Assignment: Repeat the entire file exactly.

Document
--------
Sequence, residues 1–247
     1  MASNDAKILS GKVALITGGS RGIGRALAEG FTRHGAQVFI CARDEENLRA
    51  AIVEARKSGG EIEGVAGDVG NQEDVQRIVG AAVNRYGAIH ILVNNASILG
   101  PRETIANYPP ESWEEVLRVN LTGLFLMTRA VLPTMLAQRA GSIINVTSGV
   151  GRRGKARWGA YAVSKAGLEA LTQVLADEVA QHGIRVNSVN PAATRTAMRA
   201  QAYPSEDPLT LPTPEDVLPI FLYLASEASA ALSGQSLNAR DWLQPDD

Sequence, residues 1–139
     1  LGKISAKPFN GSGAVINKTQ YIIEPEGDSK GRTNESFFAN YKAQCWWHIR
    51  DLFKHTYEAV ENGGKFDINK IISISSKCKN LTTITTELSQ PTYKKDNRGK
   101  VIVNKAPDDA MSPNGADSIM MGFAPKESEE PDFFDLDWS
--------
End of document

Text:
Sequence, residues 1–247
     1  MASNDAKILS GKVALITGGS RGIGRALAEG FTRHGAQVFI CARDEENLRA
    51  AIVEARKSGG EIEGVAGDVG NQEDVQRIVG AAVNRYGAIH ILVNNASILG
   101  PRETIANYPP ESWEEVLRVN LTGLFLMTRA VLPTMLAQRA GSIINVTSGV
   151  GRRGKARWGA YAVSKAGLEA LTQVLADEVA QHGIRVNSVN PAATRTAMRA
   201  QAYPSEDPLT LPTPEDVLPI FLYLASEASA ALSGQSLNAR DWLQPDD

Sequence, residues 1–139
     1  LGKISAKPFN GSGAVINKTQ YIIEPEGDSK GRTNESFFAN YKAQCWWHIR
    51  DLFKHTYEAV ENGGKFDINK IISISSKCKN LTTITTELSQ PTYKKDNRGK
   101  VIVNKAPDDA MSPNGADSIM MGFAPKESEE PDFFDLDWS